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COVID-19 Pandemic Spurs Financial Inclusion Globally – World Bank

The World Bank Group has reported that despite its devastating impacts on the global economic system, the COVID-19 pandemic encouraged financial inclusion and also led to increase in digital payments globally.

The multilateral financial institution gave this hint on Wednesday in its latest Global Findex 2021 database, noting that the expansion creates new economic opportunities and reduces the gender gap in accounts ownership globally.

According to the World Bank, the pandemic also built resilience at the household level to better manage financial shocks

It stated: “In low and middle-income economies (excluding China), more than 40 per cent of adults who made in-store or online payments using a card, phone, or the internet did so for the first time.

“The same was true for more than a third of adults in all low and middle-income economies who paid utility bills directly from a formal account”, the bank added.

The report further indicated that in India, more than 80 million adults made their first digital merchant payment after the start of the pandemic, while in China more than 100 million adults did.

In addition, it also reflected that two-thirds of adults across the world now make or receive digital payments, with the share in developing economies growing from 35 percent in 2014 to 57 percent in 2021.

The Washington D-C-based  institution further reported that in developing economies, 71 percent of people had accounts in banks or in other financial institutions or with a mobile money provider, up from 63 percent in 2017 and 42 percent in 2014.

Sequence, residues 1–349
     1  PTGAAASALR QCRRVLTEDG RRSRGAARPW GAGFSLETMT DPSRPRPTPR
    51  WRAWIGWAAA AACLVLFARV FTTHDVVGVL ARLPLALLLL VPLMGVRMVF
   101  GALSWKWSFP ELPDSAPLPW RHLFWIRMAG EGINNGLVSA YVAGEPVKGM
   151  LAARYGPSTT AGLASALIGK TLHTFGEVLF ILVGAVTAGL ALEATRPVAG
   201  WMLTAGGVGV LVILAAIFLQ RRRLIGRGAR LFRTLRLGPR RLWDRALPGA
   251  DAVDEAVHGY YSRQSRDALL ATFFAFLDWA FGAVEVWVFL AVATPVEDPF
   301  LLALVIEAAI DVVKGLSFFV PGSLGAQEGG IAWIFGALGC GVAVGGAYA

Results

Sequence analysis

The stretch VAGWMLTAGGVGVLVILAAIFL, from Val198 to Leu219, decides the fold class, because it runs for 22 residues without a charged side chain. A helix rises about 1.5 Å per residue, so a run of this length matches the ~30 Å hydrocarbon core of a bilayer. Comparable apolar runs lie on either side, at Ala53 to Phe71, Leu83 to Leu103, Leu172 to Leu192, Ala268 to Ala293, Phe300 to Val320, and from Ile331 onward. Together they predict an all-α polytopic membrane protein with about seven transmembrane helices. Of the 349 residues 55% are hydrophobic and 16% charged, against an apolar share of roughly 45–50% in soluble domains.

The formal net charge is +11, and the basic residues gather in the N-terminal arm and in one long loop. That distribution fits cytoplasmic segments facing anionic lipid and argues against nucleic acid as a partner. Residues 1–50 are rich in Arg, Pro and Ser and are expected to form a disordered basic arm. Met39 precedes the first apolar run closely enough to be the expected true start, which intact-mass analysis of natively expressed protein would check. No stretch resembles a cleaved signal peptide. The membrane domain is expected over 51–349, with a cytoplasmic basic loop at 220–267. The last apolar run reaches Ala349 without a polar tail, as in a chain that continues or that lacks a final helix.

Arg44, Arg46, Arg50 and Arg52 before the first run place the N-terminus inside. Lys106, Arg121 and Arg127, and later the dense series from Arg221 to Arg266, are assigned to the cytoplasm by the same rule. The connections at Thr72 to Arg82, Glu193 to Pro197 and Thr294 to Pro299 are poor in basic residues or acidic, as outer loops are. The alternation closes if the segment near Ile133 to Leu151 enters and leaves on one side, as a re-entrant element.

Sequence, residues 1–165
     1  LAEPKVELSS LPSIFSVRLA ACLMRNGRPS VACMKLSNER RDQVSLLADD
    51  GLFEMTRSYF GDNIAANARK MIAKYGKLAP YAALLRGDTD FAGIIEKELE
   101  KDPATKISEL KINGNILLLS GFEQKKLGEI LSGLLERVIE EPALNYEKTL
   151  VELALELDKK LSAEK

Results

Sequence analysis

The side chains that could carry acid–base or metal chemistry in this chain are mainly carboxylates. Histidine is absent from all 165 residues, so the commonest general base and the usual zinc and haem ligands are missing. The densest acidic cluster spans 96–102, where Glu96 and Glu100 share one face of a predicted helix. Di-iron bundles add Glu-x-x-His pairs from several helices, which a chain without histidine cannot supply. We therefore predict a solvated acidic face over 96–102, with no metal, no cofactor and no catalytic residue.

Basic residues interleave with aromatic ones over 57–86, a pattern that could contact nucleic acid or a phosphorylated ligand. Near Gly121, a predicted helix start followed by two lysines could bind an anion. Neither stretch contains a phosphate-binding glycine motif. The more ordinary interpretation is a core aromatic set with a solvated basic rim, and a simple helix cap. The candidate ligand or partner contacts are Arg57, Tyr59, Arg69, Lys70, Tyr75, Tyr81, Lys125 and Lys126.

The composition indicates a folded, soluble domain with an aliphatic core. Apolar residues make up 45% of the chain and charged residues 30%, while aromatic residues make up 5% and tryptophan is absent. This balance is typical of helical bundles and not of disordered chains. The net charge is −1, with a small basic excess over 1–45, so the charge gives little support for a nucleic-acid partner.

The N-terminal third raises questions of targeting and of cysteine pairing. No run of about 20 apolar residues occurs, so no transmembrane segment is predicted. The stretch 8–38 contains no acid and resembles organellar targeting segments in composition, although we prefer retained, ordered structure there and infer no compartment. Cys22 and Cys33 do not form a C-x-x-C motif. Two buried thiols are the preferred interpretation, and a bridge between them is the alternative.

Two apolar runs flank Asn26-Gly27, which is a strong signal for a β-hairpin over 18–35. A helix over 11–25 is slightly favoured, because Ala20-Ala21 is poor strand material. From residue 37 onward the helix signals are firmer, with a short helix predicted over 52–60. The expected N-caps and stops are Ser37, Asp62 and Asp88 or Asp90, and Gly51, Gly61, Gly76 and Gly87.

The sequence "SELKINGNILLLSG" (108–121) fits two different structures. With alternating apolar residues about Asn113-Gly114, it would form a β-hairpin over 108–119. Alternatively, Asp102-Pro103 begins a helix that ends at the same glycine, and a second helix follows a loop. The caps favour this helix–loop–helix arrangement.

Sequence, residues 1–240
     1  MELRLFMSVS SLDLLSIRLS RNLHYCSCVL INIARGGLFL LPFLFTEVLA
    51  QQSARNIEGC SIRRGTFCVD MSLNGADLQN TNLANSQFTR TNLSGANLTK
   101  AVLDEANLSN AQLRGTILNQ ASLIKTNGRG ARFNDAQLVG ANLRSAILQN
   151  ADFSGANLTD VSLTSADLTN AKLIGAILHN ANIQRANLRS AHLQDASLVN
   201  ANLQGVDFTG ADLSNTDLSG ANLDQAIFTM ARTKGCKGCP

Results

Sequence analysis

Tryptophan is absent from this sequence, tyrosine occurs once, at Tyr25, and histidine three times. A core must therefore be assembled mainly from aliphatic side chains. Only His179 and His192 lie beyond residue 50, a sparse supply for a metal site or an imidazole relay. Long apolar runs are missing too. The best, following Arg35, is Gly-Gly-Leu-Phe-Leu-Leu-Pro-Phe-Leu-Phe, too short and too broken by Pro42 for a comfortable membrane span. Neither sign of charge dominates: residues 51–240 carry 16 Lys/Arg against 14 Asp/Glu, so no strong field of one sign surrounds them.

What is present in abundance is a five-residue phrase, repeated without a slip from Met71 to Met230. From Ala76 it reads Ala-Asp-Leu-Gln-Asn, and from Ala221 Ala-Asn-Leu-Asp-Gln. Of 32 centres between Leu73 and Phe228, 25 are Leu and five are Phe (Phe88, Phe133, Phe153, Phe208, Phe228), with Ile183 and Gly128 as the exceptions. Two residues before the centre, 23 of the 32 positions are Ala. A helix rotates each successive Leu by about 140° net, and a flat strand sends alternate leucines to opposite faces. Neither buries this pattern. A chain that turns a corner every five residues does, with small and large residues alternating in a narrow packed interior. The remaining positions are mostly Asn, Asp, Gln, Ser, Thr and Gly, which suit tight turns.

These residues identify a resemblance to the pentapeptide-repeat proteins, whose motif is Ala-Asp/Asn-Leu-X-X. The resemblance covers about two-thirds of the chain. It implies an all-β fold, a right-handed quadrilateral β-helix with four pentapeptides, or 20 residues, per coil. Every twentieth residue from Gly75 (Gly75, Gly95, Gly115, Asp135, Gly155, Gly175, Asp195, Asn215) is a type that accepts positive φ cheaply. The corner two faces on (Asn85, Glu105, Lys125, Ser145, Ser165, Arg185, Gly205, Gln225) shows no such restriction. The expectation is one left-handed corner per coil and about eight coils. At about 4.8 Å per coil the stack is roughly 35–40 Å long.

On the pandemic’s impact on Sub-Saharan Africa (SSA’s) payment system, the report stated that mobile money accounts triggered a huge increase in financial inclusion in the continent.

Speaking on the report’s findings, the World Bank Group’s President, David Malpass, said the digital revolution also catalysed increases in access and use of financial services globally, thereby transforming how people made and received payments, borrowed and saved.

Similarly, he pointed out that some of the policy priorities to mitigate reversals in development from the on-going overlapping crises included creating an enabling environment and promoting the digitisation of payments and increased broadening of access to formal accounts and financial services among women and the poor.

The Global Findex database, which was launched in 2011 with funding from the Bill and Melinda Gates Foundation, is the World Bank’s most detailed data set on how adults save, borrow, make payments, and manage risks.








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